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The Source for Public Transportation News and Analysis April 6, 2012
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DOL Assistant Secretary for Disability Employment Addresses Embassy Roundtable
BY JULIA WALKER, APTA Program Manager-International Programs

A critical part of public transportation is its role in improving the lives of seniors and persons with disabilities. At the March 22 Public Transportation Embassy Roundtable, hosted by APTA, Assistant Secretary of Labor Kathleen Martinez spoke about this critical element of the industry. Lifelong disability rights advocate Michael Winter, senior program analyst, International Research Office, Federal Transit Administration, moderated the event, which was attended by representatives of foreign embassies.

In 2009, President Obama nominated Martinez, who has been blind since birth, to head the Department of Labor’s Office of Disability Employment Policy. While discussing the many federal employment programs that support the productivity of persons with disabilities and seniors, she concluded, however: “Even the best employment program doesn’t work if people cannot get to work.”

Martinez explained how transportation affects many aspects of one’s livelihood, such as access to health care services, housing, and childcare. A lack of affordable, reliable public transportation, she reiterated, results in a failure of an employment system.

As the workforce ages, she said, more and more people will acquire disabilities and will need assistance to move from one place to another. Federal agencies are preparing for this situation by looking for ways to partner and enhance funding for accessible services, since there is an undeniable link between jobs and transportation.

As an example, Martinez described the United We Ride program to the international audience. The purpose of this federal interagency initiative and partnership of more than 10 government agencies is to improve the availability and quality of transportation services for persons with disabilities, the elderly, and lower-income residents.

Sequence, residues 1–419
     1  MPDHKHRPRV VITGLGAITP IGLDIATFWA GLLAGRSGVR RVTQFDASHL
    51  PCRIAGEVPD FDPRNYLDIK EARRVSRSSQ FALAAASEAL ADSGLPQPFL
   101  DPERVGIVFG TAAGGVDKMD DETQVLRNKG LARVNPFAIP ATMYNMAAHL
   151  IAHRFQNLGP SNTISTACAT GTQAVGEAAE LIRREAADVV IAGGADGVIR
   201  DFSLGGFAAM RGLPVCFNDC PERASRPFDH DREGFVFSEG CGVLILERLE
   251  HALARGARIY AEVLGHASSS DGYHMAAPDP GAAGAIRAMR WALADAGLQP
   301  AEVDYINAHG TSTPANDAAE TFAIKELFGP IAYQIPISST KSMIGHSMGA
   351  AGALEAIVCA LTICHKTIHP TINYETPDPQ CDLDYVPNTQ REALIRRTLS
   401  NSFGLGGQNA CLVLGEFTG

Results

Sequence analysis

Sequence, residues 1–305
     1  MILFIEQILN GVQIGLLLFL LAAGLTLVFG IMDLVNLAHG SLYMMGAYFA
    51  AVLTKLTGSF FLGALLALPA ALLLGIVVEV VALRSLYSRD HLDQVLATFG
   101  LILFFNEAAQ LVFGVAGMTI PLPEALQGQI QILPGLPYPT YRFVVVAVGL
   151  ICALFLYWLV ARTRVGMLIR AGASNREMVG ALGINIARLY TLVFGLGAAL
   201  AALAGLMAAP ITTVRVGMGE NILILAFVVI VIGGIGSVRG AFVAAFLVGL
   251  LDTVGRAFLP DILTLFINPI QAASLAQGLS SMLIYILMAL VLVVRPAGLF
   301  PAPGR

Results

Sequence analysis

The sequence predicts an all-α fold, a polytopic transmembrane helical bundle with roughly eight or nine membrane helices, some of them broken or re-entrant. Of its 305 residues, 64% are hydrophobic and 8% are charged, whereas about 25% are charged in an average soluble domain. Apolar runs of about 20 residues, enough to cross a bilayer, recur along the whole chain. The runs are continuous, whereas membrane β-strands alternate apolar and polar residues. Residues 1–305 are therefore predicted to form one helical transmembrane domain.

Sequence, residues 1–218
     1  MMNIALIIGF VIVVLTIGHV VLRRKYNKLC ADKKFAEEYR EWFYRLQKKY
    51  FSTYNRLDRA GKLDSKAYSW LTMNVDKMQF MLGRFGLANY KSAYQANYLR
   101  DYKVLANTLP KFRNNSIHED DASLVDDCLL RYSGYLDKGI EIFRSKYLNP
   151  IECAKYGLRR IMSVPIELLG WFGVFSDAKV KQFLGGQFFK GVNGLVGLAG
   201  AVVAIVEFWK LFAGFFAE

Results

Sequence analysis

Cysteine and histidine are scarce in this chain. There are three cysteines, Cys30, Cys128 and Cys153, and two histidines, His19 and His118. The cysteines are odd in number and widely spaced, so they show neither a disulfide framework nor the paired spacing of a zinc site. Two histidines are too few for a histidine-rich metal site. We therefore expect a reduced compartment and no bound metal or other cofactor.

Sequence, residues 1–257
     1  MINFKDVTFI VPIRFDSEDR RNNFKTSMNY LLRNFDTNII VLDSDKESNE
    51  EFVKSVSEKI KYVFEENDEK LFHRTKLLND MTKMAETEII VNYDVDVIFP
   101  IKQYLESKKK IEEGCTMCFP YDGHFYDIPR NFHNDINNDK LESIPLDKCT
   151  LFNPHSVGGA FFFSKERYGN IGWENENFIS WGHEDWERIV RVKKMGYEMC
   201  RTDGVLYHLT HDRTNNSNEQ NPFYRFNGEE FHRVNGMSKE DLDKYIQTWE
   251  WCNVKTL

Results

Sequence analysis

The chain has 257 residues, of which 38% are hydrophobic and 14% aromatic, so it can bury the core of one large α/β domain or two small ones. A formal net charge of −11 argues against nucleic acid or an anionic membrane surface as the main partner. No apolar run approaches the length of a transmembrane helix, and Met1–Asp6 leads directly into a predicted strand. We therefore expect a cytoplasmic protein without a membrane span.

Embassy representatives from Korea, India, Japan, France, England, Taiwan, and the Netherlands also shared experiences from their countries on the coordination of transportation and employment for persons with disabilities. All these countries are facing growth in their aging populations as people live and work longer, so they are continually searching for ways to implement regulations and policies to reduce mobility barriers.

The conclusion reached after the interactive meeting was that the connection between transportation and employment for persons with disabilities and the elderly is global. While nations may address and explore disability rights, policies, and services in different ways, it is evident that attitudes toward people with disabilities and the elderly are changing all across the world. That, the participants agreed, is the most crucial step to take in advancing the rights of transportation and employment for all.

Photo by Mitch Wood

Michael Winter and Kathleen Martinez, at end of table, introduce the history of the U.S. disability rights movement to foreign embassy representatives.
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